We should give as we would receive, cheerfully, quickly, and without hesitation; for there is no grace in a benefit that sticks to the fingers.” —Seneca

I became acquainted with Bob Youngs well over a decade ago when the internet and lifting forums were still in their infancy. Like many aspiring lifters, Bob served as my guide when I was somewhat lost in the dark, weightlifting wilderness. He was my Virgil. In the Divine Comedy, Virgil escorts Dante on his pilgrimage through hell and purgatory. Bob accompanied me on my trip into powerlifting’s dark side, everything Westside Barbell. I only had the pleasure of meeting Bob in person a few times, but he always served as a steady source of knowledge whenever I sought it. Whether it was in the flesh or by way of the computer, Bob reminded me of a big ole Teddy bear, soft spoken, reserved, and gentle. It seems as though a reassuring smile was constantly etched on his massive mug.

Beginning in the mid to late 1990s, I picked Bob’s brain on anything to do with Westside Barbell. I was restless for knowledge and relentless in its pursuit. The master I sought wasn’t easily accessed, so Bob acted as a gatekeeper. He allowed hundreds if not thousands of lifters to gain a glimpse behind the curtain to see the great Oz. What was once mysterious and opaque was no more. Bob entertained each and every one of my queries, graciously sharing information regarding innovative lifts, percentages, technique, and programming. Thanks to Bob I became well versed in max efforts movements, dynamic day, and GPP. I became like a missionary myself, spreading the word and philosophy of this new program I had discovered. Quiet education.

I always possessed an inner thirst to know how I stacked up against the best of the best, and Bob again served as my source. I bombarded him with weekly inquiries regarding how much the top guns at Westside Barbell were hoisting on various lifts. I anxiously awaited Bob’s email replies. I had the inside scoop on how much Kenny Patterson floor pressed, George Halbert’s close grip record, and Chuck’s training weights on speed day. This was like heaven because it provided me with goals or benchmarks to shoot for. Plus, I knew the information was accurate, not embellished. Quiet motivation.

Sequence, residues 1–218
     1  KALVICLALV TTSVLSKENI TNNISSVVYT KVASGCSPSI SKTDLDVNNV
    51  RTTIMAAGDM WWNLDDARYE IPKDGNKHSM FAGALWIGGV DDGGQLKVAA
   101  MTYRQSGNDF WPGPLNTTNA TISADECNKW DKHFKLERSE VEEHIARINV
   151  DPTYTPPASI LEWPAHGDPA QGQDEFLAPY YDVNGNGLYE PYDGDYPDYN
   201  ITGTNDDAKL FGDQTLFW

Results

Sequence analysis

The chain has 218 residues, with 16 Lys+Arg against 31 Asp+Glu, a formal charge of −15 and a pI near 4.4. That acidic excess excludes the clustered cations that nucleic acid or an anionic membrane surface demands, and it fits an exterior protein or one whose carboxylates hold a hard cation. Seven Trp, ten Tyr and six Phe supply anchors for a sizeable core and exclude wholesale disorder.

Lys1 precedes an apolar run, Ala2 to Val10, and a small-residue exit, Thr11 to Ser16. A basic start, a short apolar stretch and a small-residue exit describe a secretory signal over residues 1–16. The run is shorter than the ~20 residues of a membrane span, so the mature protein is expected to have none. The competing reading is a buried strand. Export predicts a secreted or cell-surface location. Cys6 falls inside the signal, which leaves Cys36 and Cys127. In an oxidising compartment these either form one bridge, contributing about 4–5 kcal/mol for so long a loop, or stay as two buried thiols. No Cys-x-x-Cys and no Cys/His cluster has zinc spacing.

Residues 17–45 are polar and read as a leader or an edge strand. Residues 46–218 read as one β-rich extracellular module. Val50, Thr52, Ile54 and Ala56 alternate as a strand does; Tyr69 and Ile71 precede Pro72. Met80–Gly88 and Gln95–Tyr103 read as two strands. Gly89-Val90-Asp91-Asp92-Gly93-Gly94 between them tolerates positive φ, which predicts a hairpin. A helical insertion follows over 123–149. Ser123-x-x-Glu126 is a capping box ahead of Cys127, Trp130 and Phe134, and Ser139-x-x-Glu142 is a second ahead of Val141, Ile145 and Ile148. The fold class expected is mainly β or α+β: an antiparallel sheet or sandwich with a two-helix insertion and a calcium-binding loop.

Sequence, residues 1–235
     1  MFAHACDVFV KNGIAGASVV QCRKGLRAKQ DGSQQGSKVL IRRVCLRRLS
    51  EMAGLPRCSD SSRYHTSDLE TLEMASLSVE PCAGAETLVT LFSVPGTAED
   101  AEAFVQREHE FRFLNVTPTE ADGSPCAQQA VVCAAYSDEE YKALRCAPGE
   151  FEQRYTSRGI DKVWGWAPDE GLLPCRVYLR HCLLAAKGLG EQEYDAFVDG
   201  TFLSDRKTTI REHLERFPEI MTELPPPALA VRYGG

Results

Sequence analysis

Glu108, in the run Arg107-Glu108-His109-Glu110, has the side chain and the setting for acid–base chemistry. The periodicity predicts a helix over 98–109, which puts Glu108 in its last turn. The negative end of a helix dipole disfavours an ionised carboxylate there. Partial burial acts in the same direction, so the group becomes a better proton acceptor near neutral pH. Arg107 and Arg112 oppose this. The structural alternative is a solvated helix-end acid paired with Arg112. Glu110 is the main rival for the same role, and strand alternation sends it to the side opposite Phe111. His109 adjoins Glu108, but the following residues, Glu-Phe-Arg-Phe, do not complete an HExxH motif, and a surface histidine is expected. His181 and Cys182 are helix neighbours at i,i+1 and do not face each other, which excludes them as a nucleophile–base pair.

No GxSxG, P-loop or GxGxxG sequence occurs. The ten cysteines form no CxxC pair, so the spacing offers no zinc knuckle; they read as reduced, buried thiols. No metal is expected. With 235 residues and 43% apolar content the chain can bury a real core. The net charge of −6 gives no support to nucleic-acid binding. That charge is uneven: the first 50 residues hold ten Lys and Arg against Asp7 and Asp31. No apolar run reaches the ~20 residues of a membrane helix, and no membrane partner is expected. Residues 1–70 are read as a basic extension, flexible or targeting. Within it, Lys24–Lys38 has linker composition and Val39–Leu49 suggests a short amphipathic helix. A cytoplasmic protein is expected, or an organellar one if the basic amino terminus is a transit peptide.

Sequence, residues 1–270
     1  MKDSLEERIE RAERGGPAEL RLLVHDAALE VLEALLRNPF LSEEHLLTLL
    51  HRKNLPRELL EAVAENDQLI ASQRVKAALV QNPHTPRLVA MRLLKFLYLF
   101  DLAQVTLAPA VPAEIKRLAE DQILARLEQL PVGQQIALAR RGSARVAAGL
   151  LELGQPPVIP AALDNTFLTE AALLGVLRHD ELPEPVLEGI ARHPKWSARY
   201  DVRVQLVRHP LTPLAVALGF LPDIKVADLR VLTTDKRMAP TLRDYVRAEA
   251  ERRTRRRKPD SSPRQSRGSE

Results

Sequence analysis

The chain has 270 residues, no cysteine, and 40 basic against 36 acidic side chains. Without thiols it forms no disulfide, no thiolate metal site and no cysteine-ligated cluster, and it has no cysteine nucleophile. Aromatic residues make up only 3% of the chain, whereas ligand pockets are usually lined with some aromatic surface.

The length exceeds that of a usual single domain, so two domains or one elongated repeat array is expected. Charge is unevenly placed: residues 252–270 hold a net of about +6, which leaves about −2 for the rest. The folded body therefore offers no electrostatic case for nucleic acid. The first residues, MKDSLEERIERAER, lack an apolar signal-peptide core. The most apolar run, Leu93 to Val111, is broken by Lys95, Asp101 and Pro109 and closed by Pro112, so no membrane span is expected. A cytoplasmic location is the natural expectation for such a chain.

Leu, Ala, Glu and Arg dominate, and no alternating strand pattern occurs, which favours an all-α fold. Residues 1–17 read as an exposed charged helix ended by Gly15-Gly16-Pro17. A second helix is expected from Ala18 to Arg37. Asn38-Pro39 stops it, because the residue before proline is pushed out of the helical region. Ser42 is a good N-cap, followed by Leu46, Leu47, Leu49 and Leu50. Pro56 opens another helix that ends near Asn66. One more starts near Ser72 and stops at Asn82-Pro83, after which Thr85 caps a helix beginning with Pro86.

I generally shared all my workouts and training weights with Bob as I prepared for an upcoming bench meet. He would offer insight, but he never told me exactly what to do. He allowed me to learn from my mistakes. Instinctively, he knew that I alone had to discover my own personal style. I consistently underestimated my ability, and Bob would prop me up where he knew I should be. I was afraid of failure and was trying to be too safe. Bob’s experience allowed him to suggest my opener and what I should ultimately shoot for in the meet. More often than not, he was right. Quiet inspiration.

Yesterday is history. Tomorrow is a mystery. And today? Today is a gift. That’s why we call it the present.” —Babatunde Olatunji

This past summer I became reacquainted with Bob when I clicked on a blog detailing his diagnosis and ongoing struggle with leukemia. I awaited each update by his girlfriend in the same nervous fashion that I used to when awaiting Bob’s replies to my now seemingly insignificant questions about lifting. There was lots of pacing, fidgeting at my desk, and chomping at my fingernails.

This past summer I took a six-hour essay test so I could qualify and become a licensed school administrator. The scores wouldn’t be available for a month after the test. I spent a week obsessing and worrying about not passing and the embarrassment that would ensue. While I was sweating this relatively small life event that turned out be nothing, Bob was fighting for his life.

This past summer I dealt with an aching knee that caused me much discomfort, so much discomfort that I often had to spend time contemplating how to devise my workout around the pain. While I was worrying about a workout, Bob was fighting for his life.

This past summer I routinely took my four-year-old daughter to the park and then for some ice cream afterwards. Sometimes we worried about what park to go to because some didn’t have shade trees and we might get hot. While I worried about what park to go to with my little one, Bob was fighting for his life.

Bob continues to be my guide. He taught me many things this past summer. I now have an even deeper understanding of the struggles someone with cancer goes through. Education loud and clear. I now know that it’s easy to complain, but I remember just how good my life is and that I shouldn’t take it for granted. Motivation loud and clear. Lifters take pride in being hardcore. I now know what hardcore really is by reading about Bob’s daily challenges and how he takes them on with fortitude and perseverance. Inspiration loud and clear.

Life is what happens to you while you’re busy making other plans.”—Lennon

Elite Fitness Systems strives to be a recognized leader in the strength training industry by providing the highest quality strength training products and services while providing the highest level of customer service in the industry. For the best training equipment, information, and accessories, visit us at www.EliteFTS.com.